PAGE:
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Opinion

December 18, 2017

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To die for a cause

During the colonial period, there emerged two groups with different approaches to the struggle for freedom. In the first category were political parties that mostly consisted of the upper middle classes whose agenda was to negotiate with the government and demand their political share in administrative institutions. Most of them were professionals who were Western educated and strict followers of the legal system.

On the other hand, after the partition of Bengal in 1905 there surfaced some groups that were not in favour of negotiations but of resistance against colonial designs, which had divided Bengal to break its unity and weaken Bengali nationalism. The Bengal division had also created differences between Muslims and Hindus as East Bengal was a Muslim-majority area while the west was Hindu majority.

In the first part of the resistance movement, there were efforts to boycott all British manufacturing goods and adopting a policy of non-cooperation. When that failed to pressurise the government to fulfil their demands, different militant groups were organised to threaten the colonial administration, and to assert their power and show that they were capable of disrupting the colonial structure.

In late 1923, some young people organised the ‘Hindustan Republican Association’ with the aim to liberate the country from foreign rule. The members of the group were both Hindus and Muslims with revolutionary ideals of struggle and a fight to get rid of colonial rule. However, these young revolutionaries failed to understand the structure of the colonial state. It was not only the British who were ruling and controlling the affairs of India. The British had the full collaboration and cooperation of many Indians who had joined the army, the police, agencies and the administrative setup as loyal and faithful servants. Therefore, the struggle of the revolutionaries was not only against the British but also against their Indian collaborators.

In traditional history, the credit for the independence of India and Pakistan is generally attributed to the Congress in India and the Muslim League in Pakistan. All the other groups that struggled, resisted and sacrificed for the sake of India’s freedom are either ignored or marginalised. The reason for silencing their role in history is that both the Congress and the Muslim League were the parties of the status quo, and they continued this status quo after the end of the British Raj. It was not in their interest to encourage and promote radical elements in society.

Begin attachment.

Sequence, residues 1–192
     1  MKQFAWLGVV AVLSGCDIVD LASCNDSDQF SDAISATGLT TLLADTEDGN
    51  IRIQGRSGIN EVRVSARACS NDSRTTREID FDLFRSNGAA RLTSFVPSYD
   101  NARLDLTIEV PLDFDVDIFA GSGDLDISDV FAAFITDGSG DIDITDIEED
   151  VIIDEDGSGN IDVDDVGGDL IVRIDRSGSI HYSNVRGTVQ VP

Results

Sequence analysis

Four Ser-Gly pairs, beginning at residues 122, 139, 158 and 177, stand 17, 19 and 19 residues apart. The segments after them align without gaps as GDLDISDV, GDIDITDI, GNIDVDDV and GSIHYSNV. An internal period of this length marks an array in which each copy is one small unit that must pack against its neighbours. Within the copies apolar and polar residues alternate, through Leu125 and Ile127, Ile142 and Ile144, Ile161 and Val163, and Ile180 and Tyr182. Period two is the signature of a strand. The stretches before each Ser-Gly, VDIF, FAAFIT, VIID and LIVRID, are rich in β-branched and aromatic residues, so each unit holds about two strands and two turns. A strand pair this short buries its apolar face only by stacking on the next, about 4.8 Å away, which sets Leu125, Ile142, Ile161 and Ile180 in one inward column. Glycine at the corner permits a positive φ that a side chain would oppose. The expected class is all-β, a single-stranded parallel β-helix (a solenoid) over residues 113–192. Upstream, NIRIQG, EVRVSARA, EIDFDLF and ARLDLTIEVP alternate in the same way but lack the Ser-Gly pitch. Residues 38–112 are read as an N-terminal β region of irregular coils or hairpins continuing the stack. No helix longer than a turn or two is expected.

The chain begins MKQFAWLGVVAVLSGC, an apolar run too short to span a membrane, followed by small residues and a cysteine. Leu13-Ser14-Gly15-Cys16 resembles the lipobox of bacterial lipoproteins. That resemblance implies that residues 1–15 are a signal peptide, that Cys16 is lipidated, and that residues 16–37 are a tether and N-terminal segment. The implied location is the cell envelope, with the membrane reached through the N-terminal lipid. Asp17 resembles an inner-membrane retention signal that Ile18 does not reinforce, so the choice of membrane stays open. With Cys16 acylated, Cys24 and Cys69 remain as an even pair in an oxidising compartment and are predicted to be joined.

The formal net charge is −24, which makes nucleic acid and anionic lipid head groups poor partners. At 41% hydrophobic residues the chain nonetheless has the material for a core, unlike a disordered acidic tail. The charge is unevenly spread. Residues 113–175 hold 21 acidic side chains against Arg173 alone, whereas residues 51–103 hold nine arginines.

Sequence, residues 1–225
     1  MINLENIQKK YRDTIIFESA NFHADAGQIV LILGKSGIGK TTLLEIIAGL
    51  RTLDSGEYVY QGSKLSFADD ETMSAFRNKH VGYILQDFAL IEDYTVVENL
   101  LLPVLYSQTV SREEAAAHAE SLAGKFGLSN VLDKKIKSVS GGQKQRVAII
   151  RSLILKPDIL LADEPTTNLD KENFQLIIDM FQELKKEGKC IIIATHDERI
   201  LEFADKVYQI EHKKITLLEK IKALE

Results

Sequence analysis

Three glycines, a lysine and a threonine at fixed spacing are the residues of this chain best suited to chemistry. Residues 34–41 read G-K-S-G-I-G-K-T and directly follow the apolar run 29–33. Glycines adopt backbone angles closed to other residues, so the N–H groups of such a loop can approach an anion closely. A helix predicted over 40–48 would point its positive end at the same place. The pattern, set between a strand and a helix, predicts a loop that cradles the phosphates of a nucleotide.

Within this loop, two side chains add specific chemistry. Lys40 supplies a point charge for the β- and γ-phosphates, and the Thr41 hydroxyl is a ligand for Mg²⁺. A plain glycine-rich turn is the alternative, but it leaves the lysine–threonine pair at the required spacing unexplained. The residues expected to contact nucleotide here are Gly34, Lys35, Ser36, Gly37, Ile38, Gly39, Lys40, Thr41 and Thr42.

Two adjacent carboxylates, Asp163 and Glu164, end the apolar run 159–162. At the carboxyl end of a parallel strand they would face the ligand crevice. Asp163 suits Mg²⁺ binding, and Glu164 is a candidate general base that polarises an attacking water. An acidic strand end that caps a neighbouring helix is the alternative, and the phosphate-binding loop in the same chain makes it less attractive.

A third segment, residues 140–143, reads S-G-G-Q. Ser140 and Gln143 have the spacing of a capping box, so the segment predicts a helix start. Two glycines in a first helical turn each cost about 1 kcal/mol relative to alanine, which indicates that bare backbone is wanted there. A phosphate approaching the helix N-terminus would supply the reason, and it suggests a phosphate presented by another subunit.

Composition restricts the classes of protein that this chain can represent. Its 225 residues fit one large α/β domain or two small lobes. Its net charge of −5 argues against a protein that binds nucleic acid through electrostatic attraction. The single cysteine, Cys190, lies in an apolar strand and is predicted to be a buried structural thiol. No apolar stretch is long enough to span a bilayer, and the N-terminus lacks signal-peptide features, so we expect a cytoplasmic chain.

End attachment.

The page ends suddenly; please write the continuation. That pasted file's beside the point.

Now after such a long time has passed, Indian historians are making efforts to bring to light the forgotten history of resistance and of those who died struggling against colonial rule and trying bring a change in the lives of common people who were exploited, oppressed and humiliated for a hundred years.

Recently, a book by Waqar Siddiqui traced the role of two revolutionary young leaders – Ram Parshad Bismil and Ashfaq Ullah Khan Hasrat. Both joined the Republican Association with a revolutionary zeal for the liberation of their country. The party instructed them to stop a train at the Kakori Railway Station on August 9, 1925. The train, carrying money belonging to the British Government Treasury, was robbed for their revolutionary cause. They were successful in their mission, but during the act, an English officer was killed by them. Though they escaped from the spot and hid at different places to escape from the police, spies traced them out and arrested them. When their case was tried and they were given the death sentence both young men faced it bravely.

When Bismil was imprisoned, he endured all the difficulties that came his way without any complaint. He also wrote his autobiography, describing the poverty of his family and his involvement in revolutionary activities.

In the secluded life of his prison, he revised his political ideas and expressed that the revolutionary task that was carried on by small groups and individuals could not be successful and accomplished without the support of the common people. If there was no popular support, it was easy for the government to crush and eliminate these groups. He also lamented that on the arrest and death sentence of individual revolutionaries like him, no major political parties or prominent leaders raise any voice in their favour. In his and Hasrat’s case too, there was complete silence – not even a public protest. Everyone left them to face death without any sympathy and sorrow.

After his execution, Bismil’s family suffered immensely. Relatives and neighbours ceased to meet his family members, fearing state reprisal. His father died in poverty and his mother survived without any financial support, till a small amount was granted by the Indian state after Independence. Ashfaq Ullah Khan was also hanged and left an unfinished autobiography.

What is the lesson of this history? It is evident that a revolutionary movement against either foreign rule or against the status quo of a government cannot be successful without creating political consciousness among the people.

In the past, the aim of revolutionary groups was to overthrow oppressive governments by using militancy and assassinations. However, these movements – such as the Red Army of Japan and Baader Meinhof of Germany – failed to attract larger popular support to achieve their objects. Therefore, for the success of any movement, popular support is required; this will involve common people in the struggle for their fundamental rights.

The writer is a veteran historian and scholar.

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